Clearing Up an ETF Liquidity Myth


We thought it was time to put a common misconception on exchange-traded fund liquidity to rest.

Some investors appear to believe that the liquidity of an ETF is dependent on the fund's average trading volume, or the number of shares traded per day. However, this is not the case. Rather, a better measure of ETF liquidity is the liquidity of the underlying stocks in the index. Understanding this fact requires a brief look into how ETFs function on a basic level.

Since ETFs trade like stocks, market makers (also called authorized participants or APs) are the folks that order the creation and redemption of ETF shares. Market makers build an ETF share from the shares of the companies in the underlying index. They create or redeem shares depending on the market demand for the ETF shares.

It should also be noted that market makers and specialists can create and redeem shares to arbitrage premiums or discounts to the underlying net asset value (NAV). This activity is beneficial to ETF investors because it keeps the price of the fund in line with the NAV and prevents specialists from making unfair markets. Think of it as a mechanism that ensures retail investors like us will get a fair price as the APs step all over each other trying to make a buck. Pretty neat, huh?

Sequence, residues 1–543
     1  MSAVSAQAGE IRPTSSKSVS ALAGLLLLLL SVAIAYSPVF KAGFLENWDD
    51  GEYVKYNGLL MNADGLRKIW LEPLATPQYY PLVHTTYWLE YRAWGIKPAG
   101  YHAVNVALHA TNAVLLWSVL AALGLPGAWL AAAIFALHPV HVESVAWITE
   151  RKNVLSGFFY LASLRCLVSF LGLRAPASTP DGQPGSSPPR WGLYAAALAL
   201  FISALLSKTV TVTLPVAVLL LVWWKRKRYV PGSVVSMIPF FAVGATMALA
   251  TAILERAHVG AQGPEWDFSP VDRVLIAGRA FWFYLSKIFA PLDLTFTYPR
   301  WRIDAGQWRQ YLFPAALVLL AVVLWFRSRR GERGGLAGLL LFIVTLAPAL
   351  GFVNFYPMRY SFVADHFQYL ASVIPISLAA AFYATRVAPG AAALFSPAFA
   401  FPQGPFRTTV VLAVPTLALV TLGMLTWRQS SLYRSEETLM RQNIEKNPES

Large brokerage houses such as Morgan Stanley and Salomon Smith Barney also occasionally act as authorized participants when a client makes a large order. Based on their ability to purchase the underlying stocks in the ETF, they can create a huge number of ETF shares instantly with little difficulty in a liquid index like the S&P 500. In essence, there is enormous liquidity in ETFs based on popular indexes - the AP just has to turn on the hose.

Not surprisingly, ETFs based on indexes that also have derivatives tied to them have even slimmer bid-ask spreads. The reason is that there is heightened interaction between the specialists, market makers, and arbitrageurs. In other words, ETF shareholders benefit from this increased competition because it narrows spreads. For example, State Street Global Advisors recently reported that the average bid-ask spread calculated over 160 days on SPDR 500 (SPY) was 0.09%. More firms are researching ETF bid-ask spreads, and the results confirm that ETFs tied to liquid indexes have very small spreads.

Investors with a healthy apocalypse complex might notice here that an ETF's liquidity could dry up in severe market conditions. This did in fact happen with a Malaysian basket of stocks after that country instituted currency controls. We don't mean to harp on this fact, but investors should at least be aware of this bit of ETF history.

However, if you have confidence in U.S. market liquidity then you should feel safe using existing broad-based domestic ETFs, and their history thus far bears that out. We would add that a wait-and-see attitude could be beneficial for potential ETFs tied to illiquid indexes - private securities or municipal bonds, for example.